http://www.hsa.gov.sg/content/ dam/HSA/News_and_Events/Press_ Releases/2018/PR%2018% 20cosmetic%20pdts%20PQS% 20final.pdf
http://www.hsa.gov.sg/content/ hsa/en/News_Events/Press_ Releases/2018/ 18cosmeticproducts.html
https://www.brudirect.com/ news.php?id=43756

06 June 2018

Groups Give Two Thumbs Up to Davao City Ordinance on Lead-Safe Paints

Photo courtesy of Chinkie Peliño-Golle (IDIS)


Joint Press Release of IDIS - EcoWaste Coalition

Davao City/Quezon City.  The Davao City Council received two thumbs up from environmental health groups for enacting an ordinance that will make the purchase and use of lead-containing paints a thing of the past.

The Interface Development Interventions (IDIS) and the EcoWaste Coalition lauded the City Council for its unanimous approval on June 5, World Environment Day, of an ordinance “requiring the use of lead safe paints in construction, maintenance and renovation projects and activities.”

“We commend the City Council, particularly Councilors Pilar Braga and Jimmy Dureza who jointly sponsored the ordinance, for adopting this progressive measure that will prevent and reduce health and environmental hazards associated with the use of lead-containing paints.  This legislation is needed to protect Davaoeños and our shared ecosystems from the damaging effects of lead pollution,” said Chinkie Peliño-Golle, Executive Director of Davao City-based IDIS.

“Kudos to Davao City for being the first local government unit (LGU) in the country to pass a policy requiring the mandatory procurement and use of lead safe paints. This will surely catch the attention of other cities and municipalities and hopefully pave the way for the enactment of similar ordinances to safeguard the society, especially children, women and workers, from harms caused by lead paint and dust,” said Aileen Lucero, National Coordinator of the Quezon City-based EcoWaste Coalition.

Lead-containing paint and dust are major sources of lead exposure among children that can damage almost every organ and system of the human body, especially the brain and the central nervous system, the groups said.  

According to the World Health Organization, “lead can affect children’s brain development resulting in reduced intelligence quotient, behavioral changes such as reduced attention span and increased anti-social behavior, and reduced educational attainment.”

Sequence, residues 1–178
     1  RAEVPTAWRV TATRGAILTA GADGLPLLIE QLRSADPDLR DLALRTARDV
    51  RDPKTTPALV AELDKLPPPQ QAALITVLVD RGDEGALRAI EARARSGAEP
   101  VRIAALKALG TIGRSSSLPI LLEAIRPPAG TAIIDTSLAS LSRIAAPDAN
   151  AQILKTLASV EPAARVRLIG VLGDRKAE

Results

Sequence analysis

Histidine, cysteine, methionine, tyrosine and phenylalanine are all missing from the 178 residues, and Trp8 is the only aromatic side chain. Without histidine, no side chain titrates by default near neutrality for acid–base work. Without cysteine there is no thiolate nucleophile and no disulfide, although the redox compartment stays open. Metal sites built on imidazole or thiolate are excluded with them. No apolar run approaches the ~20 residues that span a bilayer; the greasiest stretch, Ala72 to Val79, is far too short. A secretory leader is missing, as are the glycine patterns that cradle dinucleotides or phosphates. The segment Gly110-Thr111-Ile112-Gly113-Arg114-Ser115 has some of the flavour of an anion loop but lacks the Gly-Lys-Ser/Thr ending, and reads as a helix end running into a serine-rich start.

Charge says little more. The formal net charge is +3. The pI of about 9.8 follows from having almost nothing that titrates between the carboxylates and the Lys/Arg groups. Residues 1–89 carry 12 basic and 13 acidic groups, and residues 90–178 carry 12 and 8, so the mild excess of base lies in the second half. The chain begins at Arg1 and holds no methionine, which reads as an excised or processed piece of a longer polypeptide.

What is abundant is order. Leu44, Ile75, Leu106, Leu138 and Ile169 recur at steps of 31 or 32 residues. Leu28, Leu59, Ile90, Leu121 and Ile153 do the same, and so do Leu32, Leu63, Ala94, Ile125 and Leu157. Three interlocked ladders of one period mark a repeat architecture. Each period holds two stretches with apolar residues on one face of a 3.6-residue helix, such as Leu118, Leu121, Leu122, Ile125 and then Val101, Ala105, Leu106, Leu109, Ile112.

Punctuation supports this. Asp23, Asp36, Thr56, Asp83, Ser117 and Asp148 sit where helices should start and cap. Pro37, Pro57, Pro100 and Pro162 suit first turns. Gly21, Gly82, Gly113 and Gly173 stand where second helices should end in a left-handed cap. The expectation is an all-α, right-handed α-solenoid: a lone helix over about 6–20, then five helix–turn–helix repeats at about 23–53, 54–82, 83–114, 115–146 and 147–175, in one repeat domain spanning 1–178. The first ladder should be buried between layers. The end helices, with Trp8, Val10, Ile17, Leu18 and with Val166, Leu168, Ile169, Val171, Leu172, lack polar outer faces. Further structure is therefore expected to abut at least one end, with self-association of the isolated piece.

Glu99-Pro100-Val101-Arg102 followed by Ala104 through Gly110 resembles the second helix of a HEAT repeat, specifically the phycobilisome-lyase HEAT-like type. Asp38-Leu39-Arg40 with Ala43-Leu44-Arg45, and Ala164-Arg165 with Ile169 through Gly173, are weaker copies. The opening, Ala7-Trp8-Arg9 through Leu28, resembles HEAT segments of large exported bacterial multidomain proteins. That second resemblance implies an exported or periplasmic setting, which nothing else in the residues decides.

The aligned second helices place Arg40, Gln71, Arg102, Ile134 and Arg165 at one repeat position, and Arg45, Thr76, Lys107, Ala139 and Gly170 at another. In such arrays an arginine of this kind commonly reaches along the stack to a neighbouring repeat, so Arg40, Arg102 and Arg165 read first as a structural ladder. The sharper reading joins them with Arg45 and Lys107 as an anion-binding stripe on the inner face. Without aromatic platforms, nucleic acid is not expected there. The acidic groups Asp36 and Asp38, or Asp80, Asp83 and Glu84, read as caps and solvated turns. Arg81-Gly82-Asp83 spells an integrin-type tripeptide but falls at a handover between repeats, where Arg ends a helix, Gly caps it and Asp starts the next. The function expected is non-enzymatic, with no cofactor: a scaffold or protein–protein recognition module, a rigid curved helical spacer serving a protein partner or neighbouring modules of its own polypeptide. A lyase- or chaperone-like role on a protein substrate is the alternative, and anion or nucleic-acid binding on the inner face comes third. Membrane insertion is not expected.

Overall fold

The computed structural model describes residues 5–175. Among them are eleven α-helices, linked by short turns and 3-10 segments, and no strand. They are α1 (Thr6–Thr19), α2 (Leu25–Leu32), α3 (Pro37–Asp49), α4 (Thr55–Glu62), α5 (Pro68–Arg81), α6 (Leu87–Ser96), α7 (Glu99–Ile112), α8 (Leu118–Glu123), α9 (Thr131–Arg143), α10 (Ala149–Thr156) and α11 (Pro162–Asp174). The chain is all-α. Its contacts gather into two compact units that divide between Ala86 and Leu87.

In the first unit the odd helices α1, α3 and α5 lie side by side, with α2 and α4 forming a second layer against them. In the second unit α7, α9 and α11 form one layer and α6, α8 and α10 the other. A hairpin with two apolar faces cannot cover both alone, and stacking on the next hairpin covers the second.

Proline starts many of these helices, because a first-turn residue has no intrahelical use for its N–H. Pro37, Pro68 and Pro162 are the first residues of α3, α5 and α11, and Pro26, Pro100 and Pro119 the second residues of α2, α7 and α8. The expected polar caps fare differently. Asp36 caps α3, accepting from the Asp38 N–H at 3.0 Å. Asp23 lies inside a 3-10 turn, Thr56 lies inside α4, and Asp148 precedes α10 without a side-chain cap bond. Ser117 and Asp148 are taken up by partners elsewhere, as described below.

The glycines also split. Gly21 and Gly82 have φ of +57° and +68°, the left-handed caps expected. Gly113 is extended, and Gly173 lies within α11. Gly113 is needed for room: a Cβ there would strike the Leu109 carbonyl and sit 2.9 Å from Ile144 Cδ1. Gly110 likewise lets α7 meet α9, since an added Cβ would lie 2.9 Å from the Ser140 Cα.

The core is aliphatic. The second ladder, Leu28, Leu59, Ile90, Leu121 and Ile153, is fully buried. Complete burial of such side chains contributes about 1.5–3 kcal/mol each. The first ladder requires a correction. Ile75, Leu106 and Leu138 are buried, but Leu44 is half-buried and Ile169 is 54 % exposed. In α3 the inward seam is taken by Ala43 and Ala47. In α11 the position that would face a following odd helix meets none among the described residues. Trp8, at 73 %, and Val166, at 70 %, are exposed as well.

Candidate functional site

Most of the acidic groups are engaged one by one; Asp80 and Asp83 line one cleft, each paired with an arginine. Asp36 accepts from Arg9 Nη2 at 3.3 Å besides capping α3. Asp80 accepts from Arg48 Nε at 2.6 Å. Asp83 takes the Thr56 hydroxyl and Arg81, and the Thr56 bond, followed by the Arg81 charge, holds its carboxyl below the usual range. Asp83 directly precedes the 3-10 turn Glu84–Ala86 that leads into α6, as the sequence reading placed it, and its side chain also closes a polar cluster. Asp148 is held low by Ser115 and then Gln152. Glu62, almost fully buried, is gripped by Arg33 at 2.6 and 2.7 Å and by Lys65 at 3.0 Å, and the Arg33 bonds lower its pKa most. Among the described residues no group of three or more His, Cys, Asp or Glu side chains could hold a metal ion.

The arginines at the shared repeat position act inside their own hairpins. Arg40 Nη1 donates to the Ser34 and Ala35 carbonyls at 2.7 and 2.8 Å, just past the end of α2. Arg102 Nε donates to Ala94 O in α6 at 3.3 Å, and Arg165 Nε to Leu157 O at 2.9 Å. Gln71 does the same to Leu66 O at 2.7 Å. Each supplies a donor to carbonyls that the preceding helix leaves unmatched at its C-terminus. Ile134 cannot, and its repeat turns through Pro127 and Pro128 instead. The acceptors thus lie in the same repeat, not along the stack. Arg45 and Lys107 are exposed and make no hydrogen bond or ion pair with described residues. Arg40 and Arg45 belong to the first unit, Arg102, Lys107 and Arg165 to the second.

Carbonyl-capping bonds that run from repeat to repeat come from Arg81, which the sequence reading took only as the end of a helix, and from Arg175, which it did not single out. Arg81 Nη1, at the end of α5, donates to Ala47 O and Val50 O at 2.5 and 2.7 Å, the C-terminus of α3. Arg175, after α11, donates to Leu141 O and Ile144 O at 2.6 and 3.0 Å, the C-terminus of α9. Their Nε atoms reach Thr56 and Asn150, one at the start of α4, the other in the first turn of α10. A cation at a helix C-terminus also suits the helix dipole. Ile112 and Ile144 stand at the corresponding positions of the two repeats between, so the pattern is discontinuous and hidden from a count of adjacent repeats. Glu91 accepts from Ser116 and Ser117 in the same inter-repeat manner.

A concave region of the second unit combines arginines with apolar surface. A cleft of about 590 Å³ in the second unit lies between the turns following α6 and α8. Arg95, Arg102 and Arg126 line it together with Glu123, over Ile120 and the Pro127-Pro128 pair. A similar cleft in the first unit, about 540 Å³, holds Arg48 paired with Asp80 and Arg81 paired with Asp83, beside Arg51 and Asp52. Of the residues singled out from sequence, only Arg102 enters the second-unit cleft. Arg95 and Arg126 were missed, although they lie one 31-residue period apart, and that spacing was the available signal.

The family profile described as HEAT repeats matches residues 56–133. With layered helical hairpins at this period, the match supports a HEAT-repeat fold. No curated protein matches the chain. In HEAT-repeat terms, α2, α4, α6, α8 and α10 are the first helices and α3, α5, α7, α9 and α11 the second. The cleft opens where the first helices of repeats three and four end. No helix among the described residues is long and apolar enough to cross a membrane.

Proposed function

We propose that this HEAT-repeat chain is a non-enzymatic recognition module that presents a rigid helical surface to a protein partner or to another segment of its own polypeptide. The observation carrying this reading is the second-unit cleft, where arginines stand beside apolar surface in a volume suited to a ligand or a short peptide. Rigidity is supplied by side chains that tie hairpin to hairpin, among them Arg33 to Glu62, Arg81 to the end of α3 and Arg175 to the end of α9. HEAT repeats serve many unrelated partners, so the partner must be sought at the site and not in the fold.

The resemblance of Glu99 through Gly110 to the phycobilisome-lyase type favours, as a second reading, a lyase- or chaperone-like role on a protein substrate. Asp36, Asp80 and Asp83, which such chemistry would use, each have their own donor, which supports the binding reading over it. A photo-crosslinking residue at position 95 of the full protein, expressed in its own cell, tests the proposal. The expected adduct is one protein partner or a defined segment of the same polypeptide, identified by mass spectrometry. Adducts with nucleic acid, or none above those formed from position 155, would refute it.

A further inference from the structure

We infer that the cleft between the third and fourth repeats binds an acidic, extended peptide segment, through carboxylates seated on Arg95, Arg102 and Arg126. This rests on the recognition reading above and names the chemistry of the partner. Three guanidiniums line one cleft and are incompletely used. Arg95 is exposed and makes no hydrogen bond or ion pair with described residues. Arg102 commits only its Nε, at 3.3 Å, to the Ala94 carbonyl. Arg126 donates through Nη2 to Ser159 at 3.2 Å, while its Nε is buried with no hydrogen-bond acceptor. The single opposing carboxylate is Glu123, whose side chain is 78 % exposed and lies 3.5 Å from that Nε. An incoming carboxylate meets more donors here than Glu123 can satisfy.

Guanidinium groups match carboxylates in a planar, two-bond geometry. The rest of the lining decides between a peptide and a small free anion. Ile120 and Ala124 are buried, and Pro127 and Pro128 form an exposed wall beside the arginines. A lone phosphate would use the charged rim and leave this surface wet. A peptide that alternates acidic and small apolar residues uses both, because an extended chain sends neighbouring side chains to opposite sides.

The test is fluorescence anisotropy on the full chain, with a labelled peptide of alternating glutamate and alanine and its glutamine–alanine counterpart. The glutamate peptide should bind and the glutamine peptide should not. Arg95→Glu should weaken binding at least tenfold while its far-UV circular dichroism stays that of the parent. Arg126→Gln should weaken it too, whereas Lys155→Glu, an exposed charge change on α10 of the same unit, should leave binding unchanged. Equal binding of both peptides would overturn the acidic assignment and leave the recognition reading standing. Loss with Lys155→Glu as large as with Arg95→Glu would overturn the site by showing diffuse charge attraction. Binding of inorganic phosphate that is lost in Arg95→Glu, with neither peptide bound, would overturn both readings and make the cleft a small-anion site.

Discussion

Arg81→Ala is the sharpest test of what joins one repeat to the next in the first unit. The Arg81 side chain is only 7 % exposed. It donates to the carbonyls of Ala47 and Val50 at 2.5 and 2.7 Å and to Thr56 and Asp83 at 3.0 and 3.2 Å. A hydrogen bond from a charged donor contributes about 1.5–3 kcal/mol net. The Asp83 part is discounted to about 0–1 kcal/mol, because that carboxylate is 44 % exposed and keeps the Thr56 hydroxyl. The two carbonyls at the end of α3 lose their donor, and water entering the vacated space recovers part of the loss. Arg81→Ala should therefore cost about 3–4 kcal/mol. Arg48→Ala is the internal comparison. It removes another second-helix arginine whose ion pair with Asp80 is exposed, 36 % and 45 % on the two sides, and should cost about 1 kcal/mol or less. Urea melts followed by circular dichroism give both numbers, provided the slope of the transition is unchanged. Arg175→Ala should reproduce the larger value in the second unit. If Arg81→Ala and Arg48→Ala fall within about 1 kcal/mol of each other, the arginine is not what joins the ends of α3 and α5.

Also, lead discharged into the environment makes its way into the air, land, and water.  Painting activities, particularly the haphazard removal of lead painted surfaces, release lead particulates that can contaminate surface runoff and drinking water supplies.  Lead deposited in soils may be retained for up to 2,000 years and can be absorbed by plants through their leaves and roots, posing risks to the ecosystems and human health. 

The said ordinance is in line with Memorandum Circular 2018-26 issued by Department of Interior and Local Government (DILG) OIC-Secretary Eduardo M. Año, which directs the country’s LGUs to “support the phase-out of lead-containing paints and eventually reduce the hazards and risks posed by such paints to human health."

Among the acts prohibited under the ordinance are:

--- procuring paints containing lead above the regulatory limit of 90 parts per million (ppm);
--- purchasing paints that lack independent proof of compliance with regulatory standard;
--- receiving and applying donated paints that are not compliant with the lead paint regulation; and
--- using lead-containing paints in decorating public facilities and amenities such as schools, day care centers, children’s parks and playgrounds, health centers, sports complexes and multi-purpose covered courts.

The ordinance will also require protective measures to be taken when surfaces previously coated with lead paint are disturbed during repair, remodeling or repainting activities to prevent and control the formation and dispersion of lead-containing paint chips and dust. 

-end-

Reference:

http://www.dilg.gov.ph/issuanc es/mc/Mandatory-use-of-Lead-Sa fe-Paints-by-LGUs/2658
http://www.who.int/mediacentre /factsheets/fs379/en/

Toxics watchdog calls for support to government project

In the country’s bid to be among the first to eliminate the persistent organic pollutant (POPs) called polychlorinated biphenyls (PCBs), toxic watchdog EcoWaste Coalition calls on public to support government efforts to deal with its stockpiles of said toxic chemical.

Ecowaste Coalition pertains to the Safe PCB and E-Waste Management Project of the Environmental Management Bureau (EMB), an agency under the Department of Environment and Natural Resources (DENR). The project is funded by the Global Environment Facility (GEF) through the United Nations Industrial Development Organization (UNIDO).

Their public call was sounded during their announcement of PCB-Free EnviRUNment: Onward to a Toxic-Free Philippines, an event under the Safe PCB and E-Waste Management Project, that will be held on June 10, 2018 in Intramuros, Manila. The event is the project’s participation to the Philippine Environment Month that is held annually in June.